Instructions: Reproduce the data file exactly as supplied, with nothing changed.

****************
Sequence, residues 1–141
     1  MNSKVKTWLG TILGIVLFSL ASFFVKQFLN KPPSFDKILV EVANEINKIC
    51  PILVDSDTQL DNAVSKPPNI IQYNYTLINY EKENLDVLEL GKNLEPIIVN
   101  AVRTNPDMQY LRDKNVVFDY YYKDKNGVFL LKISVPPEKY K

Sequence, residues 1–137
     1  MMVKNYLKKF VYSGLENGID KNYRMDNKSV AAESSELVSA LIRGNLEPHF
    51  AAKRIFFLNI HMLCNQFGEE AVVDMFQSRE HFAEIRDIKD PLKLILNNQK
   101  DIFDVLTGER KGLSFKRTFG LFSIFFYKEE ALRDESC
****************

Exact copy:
Sequence, residues 1–141
     1  MNSKVKTWLG TILGIVLFSL ASFFVKQFLN KPPSFDKILV EVANEINKIC
    51  PILVDSDTQL DNAVSKPPNI IQYNYTLINY EKENLDVLEL GKNLEPIIVN
   101  AVRTNPDMQY LRDKNVVFDY YYKDKNGVFL LKISVPPEKY K

Sequence, residues 1–137
     1  MMVKNYLKKF VYSGLENGID KNYRMDNKSV AAESSELVSA LIRGNLEPHF
    51  AAKRIFFLNI HMLCNQFGEE AVVDMFQSRE HFAEIRDIKD PLKLILNNQK
   101  DIFDVLTGER KGLSFKRTFG LFSIFFYKEE ALRDESC